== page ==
Five new ACARP grants set to further SMI capabilities

7 February 2022
Researchers at The University of Queensland’s Sustainable Mineral Institute have won five Australian Coal Industry’s Research Program (ACARP) grants, totalling more than $1.2 million, to develop new sustainable resource research.
 Director of the Sustainable Minerals Institute Professor Neville Plint said he was excited about the new funding for this suite of projects and their associated collaborations.

“Sustainability starts by making current mining operations more efficient, safe and environmentally responsible,” he said.

“It is fantastic to have ACARP’s support to develop the capability of our leaders and students in this field.

“Deepening our expertise in these areas will shine a strong light on sustainable solutions for industry.”

Safety and environment are key drivers of ACARP’s collaborative funding program which brings together the experience and technical strength of industry and researchers to solve problems for the industry’s long-term future.

1.    Development of a soft sensor for predicting dense medium cyclones performance: Using the Mill Filling Inference Tool (Mill FIT) we developed at the Julius Kruttschnitt Mineral Research Centre (JKMRC), we can bring our expertise to the industry’s coal washing processes. We will use mathematical models to infer operational characteristics that are not practical to directly measure, so advanced control and optimisation can be achieved. [Lead: Dr Francisco Reyes; grant of $286,000]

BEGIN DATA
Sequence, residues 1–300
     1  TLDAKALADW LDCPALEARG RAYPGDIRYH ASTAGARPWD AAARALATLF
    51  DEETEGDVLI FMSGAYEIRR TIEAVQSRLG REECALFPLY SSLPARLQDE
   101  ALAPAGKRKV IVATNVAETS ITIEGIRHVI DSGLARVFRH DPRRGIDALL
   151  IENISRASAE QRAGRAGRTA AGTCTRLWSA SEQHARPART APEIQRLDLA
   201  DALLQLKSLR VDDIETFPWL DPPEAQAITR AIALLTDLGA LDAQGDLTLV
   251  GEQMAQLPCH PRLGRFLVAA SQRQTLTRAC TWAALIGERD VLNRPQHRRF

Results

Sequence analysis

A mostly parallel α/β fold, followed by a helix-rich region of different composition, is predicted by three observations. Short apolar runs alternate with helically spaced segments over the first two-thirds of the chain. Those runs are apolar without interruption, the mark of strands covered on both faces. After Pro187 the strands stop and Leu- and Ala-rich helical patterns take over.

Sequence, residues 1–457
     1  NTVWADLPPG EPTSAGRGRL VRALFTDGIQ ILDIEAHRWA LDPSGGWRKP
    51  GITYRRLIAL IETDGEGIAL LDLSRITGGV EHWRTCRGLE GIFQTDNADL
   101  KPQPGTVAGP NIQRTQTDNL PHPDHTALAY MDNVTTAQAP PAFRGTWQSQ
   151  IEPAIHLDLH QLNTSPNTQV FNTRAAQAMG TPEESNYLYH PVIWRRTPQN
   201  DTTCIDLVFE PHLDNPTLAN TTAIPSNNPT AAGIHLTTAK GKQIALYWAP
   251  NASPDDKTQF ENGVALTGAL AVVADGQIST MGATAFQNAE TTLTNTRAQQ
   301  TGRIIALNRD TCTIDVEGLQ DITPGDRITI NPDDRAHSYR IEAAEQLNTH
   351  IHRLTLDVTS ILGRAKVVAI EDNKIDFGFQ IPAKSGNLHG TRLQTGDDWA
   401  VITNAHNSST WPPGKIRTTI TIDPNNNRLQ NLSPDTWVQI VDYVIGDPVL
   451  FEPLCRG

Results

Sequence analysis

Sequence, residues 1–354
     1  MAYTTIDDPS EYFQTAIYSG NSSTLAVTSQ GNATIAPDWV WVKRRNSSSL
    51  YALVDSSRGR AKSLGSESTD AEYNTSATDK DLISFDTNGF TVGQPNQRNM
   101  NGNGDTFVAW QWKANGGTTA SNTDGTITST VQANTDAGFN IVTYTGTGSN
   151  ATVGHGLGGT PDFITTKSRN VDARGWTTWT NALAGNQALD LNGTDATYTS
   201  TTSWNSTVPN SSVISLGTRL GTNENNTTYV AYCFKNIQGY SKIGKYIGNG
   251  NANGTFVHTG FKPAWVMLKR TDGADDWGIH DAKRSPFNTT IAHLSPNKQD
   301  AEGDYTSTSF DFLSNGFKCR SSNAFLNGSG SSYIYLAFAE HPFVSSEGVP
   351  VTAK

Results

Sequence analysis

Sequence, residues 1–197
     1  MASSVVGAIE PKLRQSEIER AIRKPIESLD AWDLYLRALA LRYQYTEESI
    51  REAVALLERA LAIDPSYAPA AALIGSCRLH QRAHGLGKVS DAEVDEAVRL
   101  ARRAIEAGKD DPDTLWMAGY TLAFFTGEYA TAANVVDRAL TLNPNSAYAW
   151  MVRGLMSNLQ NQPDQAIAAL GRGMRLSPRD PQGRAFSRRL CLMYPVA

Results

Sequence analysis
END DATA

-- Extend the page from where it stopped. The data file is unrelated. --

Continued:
2.    Human aspects of automation and new technology in mining: Integrating people and technology through human-centred design: Coal mine technologies and automates systems must accommodate human abilities and limitations. We will describe, demonstrate, and disseminate tools and techniques that can do this, and how industry can integrate the tools into their systems. [Lead: Professor Robin Burgess-Limerick; grant of $375,573]

3.    Utilizing hyperspectral drill core scanning for geotechnical characterization: The spoil piles in open cut coal mines carry risks of failure, so predicting when and why this happens is critical for safety. We will increase the ability to predict these failures and understand better how spoil piles react to rehabilitation by evaluating data from different hyperspectral technologies and integrating it with geotechnical characterisation (with a focus on mapping mineralogical and geomechanical characteristics). [Lead: Katerina Savinova; grant of $128,500]

4.    A simulation-enabled digital twin for the design, control and optimisation of a teeter bed separator (TBS): Teeter bed separators take out non-combustible waste from coal destined for steel-making furnaces, but often run at variable stability and efficiency. We want to optimise how TBSs run and design better TBSs, generating value at each stage of the project. [Lead: Dr Angus Morrison; grant of $255,784]

5.    A new cost-effective approach for coal tailings dewatering using semi-inverted (SIV) hydrocyclones: We want to develop a technologically and economically viable process for dewatering tailings using SIV hydrocyclones. This could enable dry stack tailings technology—which is safer than wet tailings facilities and uses less space— and increase how much water we can recover from tailings. [Lead: Dr Mehdi Azadi; grant of $258,875]